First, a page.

Should African women be able to engage in the practice of female circumcision, or genital mutilation as critics call it? That was the question at the heart of a debate at the American Anthropological Association over the weekend.
The New York Times' John Tierney described the views of one of the pro genital-cutting African scholars: "She has lamented that her Westernized 'feminist sisters insist on denying us this critical aspect of becoming a woman in accordance with our unique and powerful cultural heritage.'"
Tierney quotes from an essay written by the scholar, Fuambai Ahmadu, a post-doctoral fellow at the University of Chicago: "I offer that the bulk of Kono women who uphold these rituals do so because they want to - they relish the supernatural powers of their ritual leaders over against men in society, and they embrace the legitimacy of female authority and particularly the authority of their mothers and grandmothers."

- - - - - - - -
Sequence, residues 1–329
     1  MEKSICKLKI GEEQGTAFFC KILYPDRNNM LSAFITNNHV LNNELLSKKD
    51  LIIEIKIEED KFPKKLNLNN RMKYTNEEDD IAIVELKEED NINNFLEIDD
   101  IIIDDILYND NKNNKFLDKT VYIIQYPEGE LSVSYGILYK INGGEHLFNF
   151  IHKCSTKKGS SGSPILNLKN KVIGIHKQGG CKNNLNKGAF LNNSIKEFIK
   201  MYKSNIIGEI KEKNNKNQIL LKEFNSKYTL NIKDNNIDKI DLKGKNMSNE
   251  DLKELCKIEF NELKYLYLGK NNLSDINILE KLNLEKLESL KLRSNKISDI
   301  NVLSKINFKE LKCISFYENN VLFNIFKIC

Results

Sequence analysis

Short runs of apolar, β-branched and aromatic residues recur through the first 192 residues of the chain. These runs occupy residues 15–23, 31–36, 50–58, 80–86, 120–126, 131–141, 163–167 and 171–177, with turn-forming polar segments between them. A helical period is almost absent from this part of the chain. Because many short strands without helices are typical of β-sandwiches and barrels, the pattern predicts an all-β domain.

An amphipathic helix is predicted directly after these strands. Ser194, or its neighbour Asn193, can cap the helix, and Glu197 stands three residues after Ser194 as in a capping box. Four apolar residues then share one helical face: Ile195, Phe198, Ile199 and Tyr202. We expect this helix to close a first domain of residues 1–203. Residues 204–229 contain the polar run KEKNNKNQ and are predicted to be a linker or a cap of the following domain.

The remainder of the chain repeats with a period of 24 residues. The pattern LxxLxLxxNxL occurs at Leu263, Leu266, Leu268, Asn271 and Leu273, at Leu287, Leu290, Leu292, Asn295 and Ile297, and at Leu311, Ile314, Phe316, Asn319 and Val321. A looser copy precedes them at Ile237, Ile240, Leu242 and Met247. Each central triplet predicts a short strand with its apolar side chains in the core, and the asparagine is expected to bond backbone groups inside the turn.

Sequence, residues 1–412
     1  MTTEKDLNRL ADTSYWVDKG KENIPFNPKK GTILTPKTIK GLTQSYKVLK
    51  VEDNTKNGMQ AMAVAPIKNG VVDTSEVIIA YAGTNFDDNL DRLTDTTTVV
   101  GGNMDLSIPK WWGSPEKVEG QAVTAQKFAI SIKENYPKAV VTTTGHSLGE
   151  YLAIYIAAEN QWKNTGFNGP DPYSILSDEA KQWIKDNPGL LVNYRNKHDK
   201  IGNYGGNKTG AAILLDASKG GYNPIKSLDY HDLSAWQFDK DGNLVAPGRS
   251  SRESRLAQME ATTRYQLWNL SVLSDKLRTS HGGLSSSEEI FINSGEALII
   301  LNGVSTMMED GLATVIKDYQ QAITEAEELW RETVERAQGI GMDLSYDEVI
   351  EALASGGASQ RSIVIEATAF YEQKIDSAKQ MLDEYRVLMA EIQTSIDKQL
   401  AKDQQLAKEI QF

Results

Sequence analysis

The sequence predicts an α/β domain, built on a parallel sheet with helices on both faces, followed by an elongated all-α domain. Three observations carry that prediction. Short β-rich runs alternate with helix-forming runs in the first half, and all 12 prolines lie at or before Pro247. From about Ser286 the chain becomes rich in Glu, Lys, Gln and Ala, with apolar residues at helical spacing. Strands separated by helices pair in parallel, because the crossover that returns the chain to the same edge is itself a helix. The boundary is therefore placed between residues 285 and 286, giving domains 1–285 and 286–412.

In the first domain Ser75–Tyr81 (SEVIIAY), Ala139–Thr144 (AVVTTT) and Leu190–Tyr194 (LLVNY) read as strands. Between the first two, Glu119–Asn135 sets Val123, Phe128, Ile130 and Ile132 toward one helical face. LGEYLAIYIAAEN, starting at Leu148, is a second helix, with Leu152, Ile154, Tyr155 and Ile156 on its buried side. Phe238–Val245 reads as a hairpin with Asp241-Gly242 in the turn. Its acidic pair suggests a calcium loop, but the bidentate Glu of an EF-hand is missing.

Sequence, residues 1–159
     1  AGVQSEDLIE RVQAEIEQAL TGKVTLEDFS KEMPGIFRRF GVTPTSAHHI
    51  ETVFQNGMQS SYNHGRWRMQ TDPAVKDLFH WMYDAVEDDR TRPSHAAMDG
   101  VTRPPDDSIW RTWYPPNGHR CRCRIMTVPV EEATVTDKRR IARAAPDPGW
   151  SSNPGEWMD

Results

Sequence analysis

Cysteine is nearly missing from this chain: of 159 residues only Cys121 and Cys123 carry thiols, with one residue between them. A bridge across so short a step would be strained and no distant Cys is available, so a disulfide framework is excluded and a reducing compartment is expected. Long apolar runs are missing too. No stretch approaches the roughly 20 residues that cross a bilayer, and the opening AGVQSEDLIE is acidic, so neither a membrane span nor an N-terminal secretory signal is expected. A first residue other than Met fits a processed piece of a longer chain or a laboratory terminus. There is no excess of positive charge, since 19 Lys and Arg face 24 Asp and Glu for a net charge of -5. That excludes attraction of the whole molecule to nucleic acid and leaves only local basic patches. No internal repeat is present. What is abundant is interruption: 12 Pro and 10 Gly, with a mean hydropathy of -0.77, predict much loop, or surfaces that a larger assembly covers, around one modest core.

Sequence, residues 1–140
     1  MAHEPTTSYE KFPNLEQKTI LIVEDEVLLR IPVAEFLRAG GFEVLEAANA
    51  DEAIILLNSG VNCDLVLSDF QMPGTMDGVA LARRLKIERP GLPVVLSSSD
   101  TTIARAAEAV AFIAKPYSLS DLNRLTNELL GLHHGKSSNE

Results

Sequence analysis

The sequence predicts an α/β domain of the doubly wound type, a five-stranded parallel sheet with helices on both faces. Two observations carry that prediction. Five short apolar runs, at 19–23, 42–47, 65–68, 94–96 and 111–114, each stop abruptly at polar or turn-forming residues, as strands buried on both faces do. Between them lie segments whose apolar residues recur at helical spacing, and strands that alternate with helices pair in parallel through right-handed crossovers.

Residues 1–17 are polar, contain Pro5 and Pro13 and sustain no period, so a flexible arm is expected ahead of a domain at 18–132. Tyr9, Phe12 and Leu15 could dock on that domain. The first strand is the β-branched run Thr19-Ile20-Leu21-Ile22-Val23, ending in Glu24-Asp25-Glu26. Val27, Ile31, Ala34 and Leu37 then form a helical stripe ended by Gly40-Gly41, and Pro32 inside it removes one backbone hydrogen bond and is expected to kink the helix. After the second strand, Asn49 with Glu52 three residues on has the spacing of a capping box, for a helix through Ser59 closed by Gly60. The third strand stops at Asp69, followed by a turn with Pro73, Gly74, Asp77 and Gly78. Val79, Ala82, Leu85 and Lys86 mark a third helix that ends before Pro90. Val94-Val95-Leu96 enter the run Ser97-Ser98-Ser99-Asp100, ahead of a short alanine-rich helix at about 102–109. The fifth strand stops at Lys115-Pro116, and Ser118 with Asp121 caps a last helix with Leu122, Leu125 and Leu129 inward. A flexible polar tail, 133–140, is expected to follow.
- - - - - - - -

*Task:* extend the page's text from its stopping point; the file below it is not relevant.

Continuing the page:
In her view, genital cutting is a feminist act.
Amnesty International, the human rights organization that recently ran afoul of pro-lifers for changing its position on abortion calls genital cutting a crime. In a series of ads picturing roses nipped and tucked, Amnesty says "Every year, two million girls suffer the pain of genital mutilation-a clear violation of their human rights. No government should continue to ignore this crime. Help us to stop violence against women."
Crime or feminist act? Wrong at all times for all cultures? Or okay under some circumstances? Does the Bible forbid it? These are the kinds of hard questions that will increasingly face Christians, countries and cultures as the world becomes a smaller place.